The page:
The maximum sustainable global bioenergy potential in 2050 is almost three times higher than the global supply of primary energy in 2015. Global bioenergy production in 2050 can be increased more than 35 times from the current level. Estimates of global (world) bioenergy potential for 2030 and 2050 for four categories of biomass with division into sustainable and technical potentials are presented. For each of the four categories, the smallest and largest values taken from different studies are presented.
The global potential of aquatic biomass for 2030 has not been identified in the literature. Many researchers claim that the production of aquatic biomass will not be profitable in 2030.
- As can be seen, the maximum sustainable global bioenergy potential exceeds 2000 EJ in 2050 (with aquatic biomass). For comparison: the global supply of primary energy in 2015 was 571 EJ, and the contribution of biomass to global energy consumption was 50 EJ. Thus, global energy production from biomass in 2050 can be increased more than 35 times.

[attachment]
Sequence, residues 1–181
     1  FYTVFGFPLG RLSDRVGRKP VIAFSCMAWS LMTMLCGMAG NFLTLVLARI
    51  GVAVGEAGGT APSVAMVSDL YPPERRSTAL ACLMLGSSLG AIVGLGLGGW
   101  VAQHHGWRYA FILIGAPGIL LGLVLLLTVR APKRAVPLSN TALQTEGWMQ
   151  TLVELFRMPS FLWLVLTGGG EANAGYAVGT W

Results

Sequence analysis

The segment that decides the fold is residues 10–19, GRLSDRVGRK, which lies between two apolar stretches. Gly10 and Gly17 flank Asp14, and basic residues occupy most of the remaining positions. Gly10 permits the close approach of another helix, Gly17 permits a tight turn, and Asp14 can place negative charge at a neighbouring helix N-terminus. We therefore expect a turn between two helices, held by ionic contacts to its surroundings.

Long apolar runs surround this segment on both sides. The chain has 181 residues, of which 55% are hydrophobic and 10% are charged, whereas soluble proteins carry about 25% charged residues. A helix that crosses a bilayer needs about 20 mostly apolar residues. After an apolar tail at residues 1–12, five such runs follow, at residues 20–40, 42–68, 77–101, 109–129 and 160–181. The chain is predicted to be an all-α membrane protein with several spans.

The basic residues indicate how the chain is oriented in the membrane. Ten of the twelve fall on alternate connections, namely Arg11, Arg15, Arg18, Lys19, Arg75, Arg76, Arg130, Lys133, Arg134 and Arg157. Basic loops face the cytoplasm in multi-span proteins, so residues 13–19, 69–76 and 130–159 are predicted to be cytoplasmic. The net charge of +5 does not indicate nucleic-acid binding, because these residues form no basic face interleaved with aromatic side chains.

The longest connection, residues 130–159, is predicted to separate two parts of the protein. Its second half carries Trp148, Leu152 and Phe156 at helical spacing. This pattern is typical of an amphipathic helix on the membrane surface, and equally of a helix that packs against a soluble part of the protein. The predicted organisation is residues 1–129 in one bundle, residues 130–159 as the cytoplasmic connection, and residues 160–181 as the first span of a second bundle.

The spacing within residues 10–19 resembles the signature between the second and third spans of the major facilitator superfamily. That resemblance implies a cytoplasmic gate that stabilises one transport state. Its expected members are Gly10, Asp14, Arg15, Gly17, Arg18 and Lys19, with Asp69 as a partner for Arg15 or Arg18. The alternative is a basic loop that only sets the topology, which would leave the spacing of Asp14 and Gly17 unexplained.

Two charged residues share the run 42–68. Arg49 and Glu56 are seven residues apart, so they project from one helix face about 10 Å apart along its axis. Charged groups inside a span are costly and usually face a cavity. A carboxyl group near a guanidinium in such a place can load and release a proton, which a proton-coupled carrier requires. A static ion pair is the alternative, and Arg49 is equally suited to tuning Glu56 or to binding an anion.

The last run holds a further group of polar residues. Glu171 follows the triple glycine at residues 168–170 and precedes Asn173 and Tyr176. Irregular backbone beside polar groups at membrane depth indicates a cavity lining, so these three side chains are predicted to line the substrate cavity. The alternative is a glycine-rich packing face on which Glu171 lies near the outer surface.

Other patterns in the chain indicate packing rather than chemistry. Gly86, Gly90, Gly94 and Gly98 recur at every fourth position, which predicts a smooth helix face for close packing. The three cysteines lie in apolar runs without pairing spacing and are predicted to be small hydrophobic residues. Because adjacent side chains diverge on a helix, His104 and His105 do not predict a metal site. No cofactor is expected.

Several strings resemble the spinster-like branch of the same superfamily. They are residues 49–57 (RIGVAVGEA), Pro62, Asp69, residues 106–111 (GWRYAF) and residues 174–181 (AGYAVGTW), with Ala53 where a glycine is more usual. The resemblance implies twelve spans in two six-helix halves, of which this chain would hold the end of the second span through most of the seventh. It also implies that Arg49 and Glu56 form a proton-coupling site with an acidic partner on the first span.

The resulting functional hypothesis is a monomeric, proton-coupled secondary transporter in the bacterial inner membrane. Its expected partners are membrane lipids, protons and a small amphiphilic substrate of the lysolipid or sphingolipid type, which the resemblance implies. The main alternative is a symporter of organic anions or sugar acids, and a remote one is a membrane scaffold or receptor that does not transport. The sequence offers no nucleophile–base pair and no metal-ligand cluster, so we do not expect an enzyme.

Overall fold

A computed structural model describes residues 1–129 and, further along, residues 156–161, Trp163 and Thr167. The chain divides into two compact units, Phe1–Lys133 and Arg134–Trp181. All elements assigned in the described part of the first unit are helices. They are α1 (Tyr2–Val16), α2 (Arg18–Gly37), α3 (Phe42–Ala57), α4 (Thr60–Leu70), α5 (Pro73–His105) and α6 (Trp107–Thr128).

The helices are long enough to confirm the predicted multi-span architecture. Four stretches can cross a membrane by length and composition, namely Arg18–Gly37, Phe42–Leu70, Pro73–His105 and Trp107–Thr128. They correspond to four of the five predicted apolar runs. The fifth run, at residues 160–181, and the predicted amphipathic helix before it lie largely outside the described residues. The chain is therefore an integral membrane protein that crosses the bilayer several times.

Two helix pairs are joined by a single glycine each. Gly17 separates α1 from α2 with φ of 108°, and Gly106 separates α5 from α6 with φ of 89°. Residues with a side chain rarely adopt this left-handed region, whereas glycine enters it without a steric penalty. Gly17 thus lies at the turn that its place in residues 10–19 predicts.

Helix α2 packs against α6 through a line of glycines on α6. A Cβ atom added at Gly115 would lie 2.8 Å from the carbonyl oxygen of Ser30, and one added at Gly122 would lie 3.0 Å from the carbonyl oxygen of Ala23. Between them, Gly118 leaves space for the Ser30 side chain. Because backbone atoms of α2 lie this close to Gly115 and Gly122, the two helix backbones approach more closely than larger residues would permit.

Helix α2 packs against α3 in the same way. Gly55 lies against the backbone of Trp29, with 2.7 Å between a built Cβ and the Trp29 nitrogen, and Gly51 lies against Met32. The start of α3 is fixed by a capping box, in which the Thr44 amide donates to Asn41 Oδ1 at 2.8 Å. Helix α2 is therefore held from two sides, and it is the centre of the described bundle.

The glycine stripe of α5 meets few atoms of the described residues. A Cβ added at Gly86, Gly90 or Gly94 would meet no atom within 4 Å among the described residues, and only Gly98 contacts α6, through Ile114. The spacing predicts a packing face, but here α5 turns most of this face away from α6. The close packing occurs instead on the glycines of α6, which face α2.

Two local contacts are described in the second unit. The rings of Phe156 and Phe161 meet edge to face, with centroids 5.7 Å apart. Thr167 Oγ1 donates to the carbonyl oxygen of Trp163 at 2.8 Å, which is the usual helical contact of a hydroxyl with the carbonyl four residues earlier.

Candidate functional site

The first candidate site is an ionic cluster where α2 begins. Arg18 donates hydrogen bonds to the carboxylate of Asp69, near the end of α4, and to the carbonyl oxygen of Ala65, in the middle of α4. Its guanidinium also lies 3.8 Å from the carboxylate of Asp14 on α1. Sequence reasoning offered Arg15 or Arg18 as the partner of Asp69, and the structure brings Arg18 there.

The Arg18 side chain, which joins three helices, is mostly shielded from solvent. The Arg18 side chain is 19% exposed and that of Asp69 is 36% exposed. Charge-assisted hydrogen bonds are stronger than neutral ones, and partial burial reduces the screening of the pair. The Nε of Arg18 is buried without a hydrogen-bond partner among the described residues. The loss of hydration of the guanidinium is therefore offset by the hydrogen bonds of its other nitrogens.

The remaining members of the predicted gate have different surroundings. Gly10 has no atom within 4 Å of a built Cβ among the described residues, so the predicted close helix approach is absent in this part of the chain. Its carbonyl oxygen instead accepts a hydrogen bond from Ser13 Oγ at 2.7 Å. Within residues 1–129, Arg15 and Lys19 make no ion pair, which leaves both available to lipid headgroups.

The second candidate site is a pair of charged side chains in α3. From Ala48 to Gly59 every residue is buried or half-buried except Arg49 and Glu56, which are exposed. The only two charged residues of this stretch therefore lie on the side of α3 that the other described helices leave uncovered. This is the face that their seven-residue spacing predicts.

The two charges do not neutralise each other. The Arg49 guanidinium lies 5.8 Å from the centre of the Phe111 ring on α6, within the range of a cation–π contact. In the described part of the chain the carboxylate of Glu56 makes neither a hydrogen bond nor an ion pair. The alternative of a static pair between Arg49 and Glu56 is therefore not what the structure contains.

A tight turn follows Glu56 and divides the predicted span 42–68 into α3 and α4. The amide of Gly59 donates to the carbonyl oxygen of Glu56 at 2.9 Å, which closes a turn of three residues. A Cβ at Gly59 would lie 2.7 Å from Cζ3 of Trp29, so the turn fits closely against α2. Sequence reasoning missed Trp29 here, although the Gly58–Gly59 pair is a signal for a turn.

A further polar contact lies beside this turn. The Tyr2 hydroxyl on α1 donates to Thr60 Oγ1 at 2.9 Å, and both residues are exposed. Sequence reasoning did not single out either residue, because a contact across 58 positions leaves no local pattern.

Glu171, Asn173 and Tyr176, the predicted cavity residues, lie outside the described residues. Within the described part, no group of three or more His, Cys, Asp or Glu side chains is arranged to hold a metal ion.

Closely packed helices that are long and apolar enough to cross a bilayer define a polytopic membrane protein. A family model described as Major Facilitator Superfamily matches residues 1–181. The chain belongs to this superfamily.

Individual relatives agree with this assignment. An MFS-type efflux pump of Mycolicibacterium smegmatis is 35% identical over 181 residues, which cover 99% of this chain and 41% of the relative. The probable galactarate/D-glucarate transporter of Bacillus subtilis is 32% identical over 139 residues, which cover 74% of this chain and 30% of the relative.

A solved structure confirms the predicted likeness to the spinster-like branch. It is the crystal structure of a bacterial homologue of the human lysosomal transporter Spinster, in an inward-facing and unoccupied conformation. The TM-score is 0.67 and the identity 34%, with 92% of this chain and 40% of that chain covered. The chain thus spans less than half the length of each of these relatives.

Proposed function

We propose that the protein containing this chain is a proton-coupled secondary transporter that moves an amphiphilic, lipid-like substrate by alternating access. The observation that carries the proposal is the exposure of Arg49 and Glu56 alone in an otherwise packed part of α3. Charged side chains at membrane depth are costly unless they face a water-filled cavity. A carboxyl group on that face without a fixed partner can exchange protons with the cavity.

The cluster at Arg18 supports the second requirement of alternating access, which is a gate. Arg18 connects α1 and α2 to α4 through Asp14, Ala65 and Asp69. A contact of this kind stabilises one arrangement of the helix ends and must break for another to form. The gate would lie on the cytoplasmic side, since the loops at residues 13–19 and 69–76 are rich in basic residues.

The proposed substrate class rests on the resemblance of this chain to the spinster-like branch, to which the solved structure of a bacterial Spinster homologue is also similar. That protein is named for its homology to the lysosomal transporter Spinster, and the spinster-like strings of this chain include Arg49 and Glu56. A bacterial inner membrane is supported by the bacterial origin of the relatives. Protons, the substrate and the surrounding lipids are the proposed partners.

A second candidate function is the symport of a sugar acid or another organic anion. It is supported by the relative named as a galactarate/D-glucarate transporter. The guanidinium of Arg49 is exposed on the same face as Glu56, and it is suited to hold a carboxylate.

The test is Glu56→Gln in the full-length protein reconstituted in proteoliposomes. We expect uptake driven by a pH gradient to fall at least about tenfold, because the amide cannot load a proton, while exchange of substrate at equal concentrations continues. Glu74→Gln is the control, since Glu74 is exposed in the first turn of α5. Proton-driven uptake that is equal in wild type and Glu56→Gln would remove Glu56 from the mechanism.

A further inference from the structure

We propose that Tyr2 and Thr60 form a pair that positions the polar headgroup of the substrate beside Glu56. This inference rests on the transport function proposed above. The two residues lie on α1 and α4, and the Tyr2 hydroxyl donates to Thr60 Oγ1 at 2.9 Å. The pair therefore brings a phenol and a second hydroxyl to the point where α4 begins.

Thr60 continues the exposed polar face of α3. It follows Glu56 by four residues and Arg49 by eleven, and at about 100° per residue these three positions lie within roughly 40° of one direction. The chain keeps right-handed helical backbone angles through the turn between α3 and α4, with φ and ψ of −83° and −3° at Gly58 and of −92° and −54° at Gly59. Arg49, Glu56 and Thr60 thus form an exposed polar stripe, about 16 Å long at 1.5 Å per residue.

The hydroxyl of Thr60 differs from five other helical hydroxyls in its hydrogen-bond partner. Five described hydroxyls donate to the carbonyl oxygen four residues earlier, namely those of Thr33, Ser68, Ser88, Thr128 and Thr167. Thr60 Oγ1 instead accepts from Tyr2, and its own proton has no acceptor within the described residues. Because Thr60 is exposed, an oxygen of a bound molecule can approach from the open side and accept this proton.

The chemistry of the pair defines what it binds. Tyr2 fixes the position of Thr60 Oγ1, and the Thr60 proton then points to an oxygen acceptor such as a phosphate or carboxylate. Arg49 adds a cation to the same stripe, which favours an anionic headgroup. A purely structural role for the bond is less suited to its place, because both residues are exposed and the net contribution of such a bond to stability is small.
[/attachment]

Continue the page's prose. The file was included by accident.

- Second, the global potential of bioenergy could increase sharply eightfold between 2030 and 2050.
- Third, the estimated sustainable potential of bioenergy is about half of the technical potential. Excluding aquatic biomass, the sustainable bioenergy potential is approximately 40% of the technical potential in 2030 and 20% in 2050.
- Fourth, aquatic biomass can play an important role in 2050 and reduce the relative contribution of terrestrial biomass (energy crops, agricultural residues, and forestry products and residues) from 55-80% in 2030 to 5-35% in 2050. If we consider only the sustainable potential, the share of terrestrial biomass will be approximately 60% in 2030 and 15% in 2050.
According to the materials: Availability and costs of liquefied bio- and synthetic methane. March 2020.